Just a small increase in friction loss will cause the bike to run a bit slower but if it happens to be on a steep part of the power curve then engine power will have dropped and so the bike will run slower still and then the power will be reduced a bit more and the bike will run even slower until there is an equilibrium between total drag power and power at the wheel.

          So just a small increase in drive friction may have a disproportionate effect on measured speed.  In order to make the tests truely valid as an indicator of the difference between the two drive systems it would be necessary to gear the chain drive machine to produce the same RPM at max velocity as with the belt drive machine.  Then the difference in velocity would be less.

          To return to the original question about the value of reducing friction in an engine, the answer is yes it can be worthwhile.  Friction loss is considerable and modern racing engines which take advantage of modern surface treatments and coatings can cut friction losses in half.  Unfortunately this doesn't come cheap, but there are other things that can be done without much cost.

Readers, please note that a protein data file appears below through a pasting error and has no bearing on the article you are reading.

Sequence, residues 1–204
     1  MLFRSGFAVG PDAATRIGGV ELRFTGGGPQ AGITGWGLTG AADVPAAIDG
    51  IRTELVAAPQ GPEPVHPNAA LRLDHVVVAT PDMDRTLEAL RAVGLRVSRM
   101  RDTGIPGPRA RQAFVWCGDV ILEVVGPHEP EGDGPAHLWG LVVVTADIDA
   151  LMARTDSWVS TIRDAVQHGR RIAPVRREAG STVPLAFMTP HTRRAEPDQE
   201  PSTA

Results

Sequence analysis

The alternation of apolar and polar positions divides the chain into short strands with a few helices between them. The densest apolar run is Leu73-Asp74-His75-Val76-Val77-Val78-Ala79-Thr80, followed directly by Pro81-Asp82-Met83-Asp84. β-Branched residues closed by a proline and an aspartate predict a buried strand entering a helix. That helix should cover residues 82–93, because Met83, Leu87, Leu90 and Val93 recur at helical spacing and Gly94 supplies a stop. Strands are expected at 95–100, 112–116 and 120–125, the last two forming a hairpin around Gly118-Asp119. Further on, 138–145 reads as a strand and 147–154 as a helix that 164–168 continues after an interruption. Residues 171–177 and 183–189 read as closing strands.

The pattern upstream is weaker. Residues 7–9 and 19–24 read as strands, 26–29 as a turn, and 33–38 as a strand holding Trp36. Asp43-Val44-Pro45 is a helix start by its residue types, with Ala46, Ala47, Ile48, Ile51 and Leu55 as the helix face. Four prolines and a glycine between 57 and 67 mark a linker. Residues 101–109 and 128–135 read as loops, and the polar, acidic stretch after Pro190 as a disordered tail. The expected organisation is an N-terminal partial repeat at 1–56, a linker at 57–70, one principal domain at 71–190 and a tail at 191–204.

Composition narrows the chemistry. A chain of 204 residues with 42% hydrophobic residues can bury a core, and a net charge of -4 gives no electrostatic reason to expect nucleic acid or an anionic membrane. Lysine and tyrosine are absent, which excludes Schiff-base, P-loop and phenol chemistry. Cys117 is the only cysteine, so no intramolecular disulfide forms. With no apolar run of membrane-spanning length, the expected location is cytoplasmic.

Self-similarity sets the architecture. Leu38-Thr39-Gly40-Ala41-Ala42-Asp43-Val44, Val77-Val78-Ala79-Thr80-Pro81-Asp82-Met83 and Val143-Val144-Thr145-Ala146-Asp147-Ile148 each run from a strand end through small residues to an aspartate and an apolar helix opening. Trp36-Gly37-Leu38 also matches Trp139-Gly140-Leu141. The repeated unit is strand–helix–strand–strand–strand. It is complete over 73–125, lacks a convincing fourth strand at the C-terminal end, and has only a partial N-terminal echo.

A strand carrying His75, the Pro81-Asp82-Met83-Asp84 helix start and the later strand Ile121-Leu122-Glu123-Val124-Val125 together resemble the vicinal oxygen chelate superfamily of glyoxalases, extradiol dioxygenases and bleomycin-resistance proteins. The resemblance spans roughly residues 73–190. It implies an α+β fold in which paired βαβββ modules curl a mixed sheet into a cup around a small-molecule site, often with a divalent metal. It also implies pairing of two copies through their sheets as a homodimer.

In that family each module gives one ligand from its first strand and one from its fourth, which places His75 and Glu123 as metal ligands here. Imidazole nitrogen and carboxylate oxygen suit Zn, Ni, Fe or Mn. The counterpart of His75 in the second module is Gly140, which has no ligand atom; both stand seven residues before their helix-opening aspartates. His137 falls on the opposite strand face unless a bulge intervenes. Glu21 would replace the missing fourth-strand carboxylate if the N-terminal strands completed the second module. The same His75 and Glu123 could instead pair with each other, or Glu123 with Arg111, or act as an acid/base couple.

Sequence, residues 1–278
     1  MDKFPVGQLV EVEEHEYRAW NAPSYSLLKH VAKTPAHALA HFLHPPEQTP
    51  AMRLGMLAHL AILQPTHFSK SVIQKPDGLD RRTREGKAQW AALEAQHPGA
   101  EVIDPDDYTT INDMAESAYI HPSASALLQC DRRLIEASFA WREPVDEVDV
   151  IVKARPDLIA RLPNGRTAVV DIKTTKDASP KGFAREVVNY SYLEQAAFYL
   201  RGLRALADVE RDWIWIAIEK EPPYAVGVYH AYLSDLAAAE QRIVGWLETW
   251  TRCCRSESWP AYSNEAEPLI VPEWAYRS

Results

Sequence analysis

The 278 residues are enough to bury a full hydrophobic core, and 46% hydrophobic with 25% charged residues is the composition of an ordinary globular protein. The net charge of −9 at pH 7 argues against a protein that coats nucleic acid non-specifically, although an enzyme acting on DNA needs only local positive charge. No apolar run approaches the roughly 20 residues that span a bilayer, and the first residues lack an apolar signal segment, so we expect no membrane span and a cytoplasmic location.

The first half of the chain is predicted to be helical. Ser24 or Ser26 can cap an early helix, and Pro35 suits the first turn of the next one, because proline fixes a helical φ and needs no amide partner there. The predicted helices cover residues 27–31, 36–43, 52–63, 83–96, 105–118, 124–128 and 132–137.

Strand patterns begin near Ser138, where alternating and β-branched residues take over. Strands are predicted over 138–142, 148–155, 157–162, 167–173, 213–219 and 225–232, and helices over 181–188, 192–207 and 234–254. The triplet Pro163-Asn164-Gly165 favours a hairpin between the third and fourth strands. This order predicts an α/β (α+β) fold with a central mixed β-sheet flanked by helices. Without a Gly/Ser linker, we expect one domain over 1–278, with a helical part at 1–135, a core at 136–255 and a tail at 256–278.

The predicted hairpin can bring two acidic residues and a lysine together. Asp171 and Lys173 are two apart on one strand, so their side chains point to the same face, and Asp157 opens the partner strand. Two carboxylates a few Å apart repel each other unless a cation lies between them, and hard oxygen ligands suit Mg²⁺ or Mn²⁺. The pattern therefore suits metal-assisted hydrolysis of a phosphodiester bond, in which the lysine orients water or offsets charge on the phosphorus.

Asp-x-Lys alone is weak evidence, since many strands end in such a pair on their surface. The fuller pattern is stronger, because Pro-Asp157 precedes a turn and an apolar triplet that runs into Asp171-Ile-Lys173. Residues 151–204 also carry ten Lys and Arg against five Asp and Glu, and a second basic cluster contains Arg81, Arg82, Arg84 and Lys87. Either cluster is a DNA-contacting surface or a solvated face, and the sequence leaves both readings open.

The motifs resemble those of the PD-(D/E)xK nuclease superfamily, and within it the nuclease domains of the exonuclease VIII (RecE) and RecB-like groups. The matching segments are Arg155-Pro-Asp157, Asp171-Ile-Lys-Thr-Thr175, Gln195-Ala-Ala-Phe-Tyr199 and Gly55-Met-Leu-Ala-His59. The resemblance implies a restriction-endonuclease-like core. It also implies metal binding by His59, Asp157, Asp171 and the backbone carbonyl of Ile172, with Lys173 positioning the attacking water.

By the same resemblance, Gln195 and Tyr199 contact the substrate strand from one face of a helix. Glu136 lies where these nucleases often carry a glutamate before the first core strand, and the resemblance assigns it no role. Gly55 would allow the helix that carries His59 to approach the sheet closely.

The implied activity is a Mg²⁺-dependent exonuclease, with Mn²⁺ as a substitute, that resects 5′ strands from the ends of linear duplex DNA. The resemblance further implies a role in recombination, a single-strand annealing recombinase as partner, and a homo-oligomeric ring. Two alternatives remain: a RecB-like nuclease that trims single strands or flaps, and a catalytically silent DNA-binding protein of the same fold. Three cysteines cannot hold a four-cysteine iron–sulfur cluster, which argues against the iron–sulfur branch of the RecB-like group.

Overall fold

• John Fisher
          OK so the comparison is interesting but dubious. Just as a thought experiment, how would one set up a convincing test? for instance, the drive ratio has to be
          Message 4 of 24 , Nov 24, 2007
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            OK so the comparison is interesting but dubious. Just as a thought
            experiment, how would one set up a convincing test?

            for instance, the drive ratio has to be the same for both, but what
            about the sprocket sizes, do you use the same diameters, or do you
            optimize each system to diameters that work best?
            What about measuring power output, could you use a well-regulated
            electric motor to drive an alternator, then measuring output? Or would